Coca-Cola plant employees discovered a huge stash of cocaine neatly hidden in a consignment of orange concentrate in southern France. The narcotics consignment is believed to have a street-value exceeding $50 million. The authorities have begun an investigation, but neither Coca-Cola nor any of its employees are suspected of foul play.
Coca-Cola may have completely avoided any association with coca leaves or cocaine for over a century, but that didn’t stop a huge stack of the drug from ending up in one of the company’s processing plants. The huge cache of cocaine, worth approximately $56 million and neatly hidden in a shipment of orange juice concentrate, was found in a factory located in the town of Signes, near the Mediterranean coast. The factory, one of the many Coca-Cola depends on, makes concentrates that are shipped to multiple bottling plants.
Although the consignment of drugs has been discovered on Coca-Cola premises, the company isn’t suspected of being a party in the long chain of drug smuggling. A spokesperson for the company confirmed that the employees immediately notified the police about the sacks containing 370 kg (815 pounds) of cocaine hidden inside a shipment of fruit juice.
Owing to the voluntary disclosure of the sacks of cocaine, the employees of Coca-Cola have been excluded from the investigation. The employees have been ruled out as potential suspects, confirmed Jean-Denis Malgras, the company’s regional president, reported news website Var-Matin.
“The first elements of the investigation have shown that employees are in no way involved.”
The consignment containing the drugs had arrived from South America. It is likely the authorities will now attempt to analyze the journey of the orange juice concentrate in order to check if the drugs started their journey along with the product or if they were planted during the journey.
An investigation into trafficking and importing of illegal drugs has been launched by the Marseille prosecutor’s office, but the authorities haven’t shared much information about the discovery, which they believe to be one of the largest on French soil. The prosecutor of Toulon, Xavier Tarabeux, described the discovery of cocaine in Coca-Cola truck as “a very bad surprise.” He added the street value of the drugs could be about 50 million euros ($56 million).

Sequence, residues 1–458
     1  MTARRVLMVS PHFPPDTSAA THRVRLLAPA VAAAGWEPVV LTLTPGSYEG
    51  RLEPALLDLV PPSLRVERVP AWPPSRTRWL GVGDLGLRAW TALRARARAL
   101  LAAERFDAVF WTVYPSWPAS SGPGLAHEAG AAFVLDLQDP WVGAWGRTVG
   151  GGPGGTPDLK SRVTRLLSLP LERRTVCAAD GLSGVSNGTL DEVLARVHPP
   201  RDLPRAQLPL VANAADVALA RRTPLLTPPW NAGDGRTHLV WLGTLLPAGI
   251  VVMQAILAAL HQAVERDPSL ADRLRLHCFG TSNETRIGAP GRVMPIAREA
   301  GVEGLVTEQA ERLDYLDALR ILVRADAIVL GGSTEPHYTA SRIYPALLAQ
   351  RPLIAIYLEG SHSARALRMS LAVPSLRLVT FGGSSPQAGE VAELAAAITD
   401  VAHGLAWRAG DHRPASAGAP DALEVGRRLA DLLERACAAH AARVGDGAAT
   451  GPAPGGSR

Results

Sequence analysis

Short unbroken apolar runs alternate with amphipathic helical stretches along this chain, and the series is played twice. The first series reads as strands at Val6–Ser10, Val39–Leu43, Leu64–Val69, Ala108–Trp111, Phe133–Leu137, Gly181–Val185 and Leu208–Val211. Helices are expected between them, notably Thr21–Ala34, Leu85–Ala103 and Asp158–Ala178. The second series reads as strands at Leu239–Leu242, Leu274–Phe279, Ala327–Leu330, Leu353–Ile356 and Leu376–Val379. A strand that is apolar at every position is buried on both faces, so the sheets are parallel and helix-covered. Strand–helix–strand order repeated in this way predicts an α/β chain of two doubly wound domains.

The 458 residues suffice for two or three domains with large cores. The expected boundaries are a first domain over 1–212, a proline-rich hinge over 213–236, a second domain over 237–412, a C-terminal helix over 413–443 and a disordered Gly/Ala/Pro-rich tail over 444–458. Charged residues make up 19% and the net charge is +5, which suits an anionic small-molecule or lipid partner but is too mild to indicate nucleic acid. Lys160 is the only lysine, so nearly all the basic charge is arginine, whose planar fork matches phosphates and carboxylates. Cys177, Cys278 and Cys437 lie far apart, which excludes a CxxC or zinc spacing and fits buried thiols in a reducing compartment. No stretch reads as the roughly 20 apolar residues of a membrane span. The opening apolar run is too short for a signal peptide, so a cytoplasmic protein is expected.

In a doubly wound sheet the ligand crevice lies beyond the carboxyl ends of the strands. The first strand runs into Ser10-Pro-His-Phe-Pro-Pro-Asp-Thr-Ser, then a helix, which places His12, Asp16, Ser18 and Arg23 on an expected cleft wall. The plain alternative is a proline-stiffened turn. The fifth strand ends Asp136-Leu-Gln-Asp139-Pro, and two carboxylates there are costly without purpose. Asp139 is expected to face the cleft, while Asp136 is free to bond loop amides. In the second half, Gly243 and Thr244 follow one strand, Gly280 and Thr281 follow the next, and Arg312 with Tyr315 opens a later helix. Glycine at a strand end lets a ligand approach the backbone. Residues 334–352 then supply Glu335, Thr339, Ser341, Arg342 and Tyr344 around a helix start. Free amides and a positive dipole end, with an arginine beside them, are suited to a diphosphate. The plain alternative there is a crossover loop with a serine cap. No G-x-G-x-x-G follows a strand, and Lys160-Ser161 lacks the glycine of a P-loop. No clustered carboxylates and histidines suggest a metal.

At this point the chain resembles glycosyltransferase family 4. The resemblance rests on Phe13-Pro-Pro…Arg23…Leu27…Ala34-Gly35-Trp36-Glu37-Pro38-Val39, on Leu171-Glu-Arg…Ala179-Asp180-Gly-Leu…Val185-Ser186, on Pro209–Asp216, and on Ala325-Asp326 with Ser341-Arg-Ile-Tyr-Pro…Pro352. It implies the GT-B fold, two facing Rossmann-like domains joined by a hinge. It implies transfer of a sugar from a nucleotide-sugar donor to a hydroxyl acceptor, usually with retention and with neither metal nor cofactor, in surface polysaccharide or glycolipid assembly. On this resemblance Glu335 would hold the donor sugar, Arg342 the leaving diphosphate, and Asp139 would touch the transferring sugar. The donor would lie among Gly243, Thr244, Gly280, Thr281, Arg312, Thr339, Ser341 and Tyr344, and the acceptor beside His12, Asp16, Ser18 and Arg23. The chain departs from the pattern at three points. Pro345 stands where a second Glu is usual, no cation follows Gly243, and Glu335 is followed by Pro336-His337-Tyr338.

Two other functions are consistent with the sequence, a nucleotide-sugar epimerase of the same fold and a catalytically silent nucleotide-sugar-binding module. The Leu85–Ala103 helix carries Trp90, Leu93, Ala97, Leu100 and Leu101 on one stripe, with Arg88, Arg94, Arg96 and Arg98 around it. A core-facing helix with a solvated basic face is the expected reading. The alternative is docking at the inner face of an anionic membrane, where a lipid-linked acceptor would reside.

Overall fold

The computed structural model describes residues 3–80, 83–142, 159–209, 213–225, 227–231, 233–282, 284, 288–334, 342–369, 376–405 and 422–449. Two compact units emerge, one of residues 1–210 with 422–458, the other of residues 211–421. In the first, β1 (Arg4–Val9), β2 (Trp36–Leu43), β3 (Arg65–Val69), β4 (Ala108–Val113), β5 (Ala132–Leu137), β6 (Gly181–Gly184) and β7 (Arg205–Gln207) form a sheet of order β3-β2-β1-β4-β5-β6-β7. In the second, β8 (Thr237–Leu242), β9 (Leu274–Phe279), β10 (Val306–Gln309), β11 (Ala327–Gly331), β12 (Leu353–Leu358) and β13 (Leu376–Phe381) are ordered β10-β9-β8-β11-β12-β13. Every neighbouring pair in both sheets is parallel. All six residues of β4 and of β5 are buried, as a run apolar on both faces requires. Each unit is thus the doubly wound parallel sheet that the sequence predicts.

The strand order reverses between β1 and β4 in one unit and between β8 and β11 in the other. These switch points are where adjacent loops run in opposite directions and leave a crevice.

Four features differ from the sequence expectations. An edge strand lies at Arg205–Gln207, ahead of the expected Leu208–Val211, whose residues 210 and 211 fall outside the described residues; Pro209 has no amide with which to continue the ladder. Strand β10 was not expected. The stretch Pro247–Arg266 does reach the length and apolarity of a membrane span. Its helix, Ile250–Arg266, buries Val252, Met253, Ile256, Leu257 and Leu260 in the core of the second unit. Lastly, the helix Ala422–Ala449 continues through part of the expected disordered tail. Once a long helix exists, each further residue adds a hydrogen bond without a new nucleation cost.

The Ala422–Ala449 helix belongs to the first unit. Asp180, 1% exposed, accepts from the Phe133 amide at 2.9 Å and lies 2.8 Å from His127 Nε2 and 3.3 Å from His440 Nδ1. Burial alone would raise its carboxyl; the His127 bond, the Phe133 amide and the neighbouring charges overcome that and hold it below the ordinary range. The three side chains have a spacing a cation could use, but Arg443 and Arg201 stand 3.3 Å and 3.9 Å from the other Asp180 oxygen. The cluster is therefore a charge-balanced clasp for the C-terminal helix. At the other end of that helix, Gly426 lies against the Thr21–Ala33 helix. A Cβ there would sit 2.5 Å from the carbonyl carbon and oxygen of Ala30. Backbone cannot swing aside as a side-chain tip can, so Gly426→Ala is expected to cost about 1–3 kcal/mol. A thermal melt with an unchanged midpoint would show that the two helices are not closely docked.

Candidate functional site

The orange concentrate consignment had come in from Costa Rica, and authorities strongly believe the regular shipment might have been used as a drug mule by one of the several drug cartels that are active in the region. In fact, the seizure far exceeds the last big drug haul in April of 2015. French customs officials had strategically planned and helped in the apprehension of two men who were trying to smuggle 250 kg of cocaine in a yacht last year. The drugs were meant for the U.K., but a timely intervention prevented the drugs from leaving France.
Coca-Cola regularly used coca leaves in the original Coca-Cola drink way back in the 19th century. The coca leaf concentrate, among many other ingredients, offered a great buzz that helped the drink become popular amongst all the generations.
The sweetened carbonated drink has had multiple ingredients added and taken out throughout the years, but the company has stressed cocaine has never been an added ingredient. Interestingly, the company’s insistence on the added part is partly because the original Coca-Cola formula is believed to have contained traces of cocaine derived from coca leaf extract.
Workers at a Coca-Cola factory found a huge stash of cocaine inside a shipment of fruit juice in southern France https://t.co/k0xqCLoaPJ— Sky News (@SkyNews) September 1, 2016
The original formula for Coca-Cola is attributed to U.S. pharmacist John Pemberton. He created the original recipe for the world’s most popular drink in 1886. Pemberton’s formula, which was later christened Coca-Cola, wasn’t always a recreational drink that’s widely consumed today. It was originally intended as patent medicine. The ingredients made the drink a stimulant, and it was even classified as such until the early 20th century.
[Photo by Remy Gabalda/Getty Images]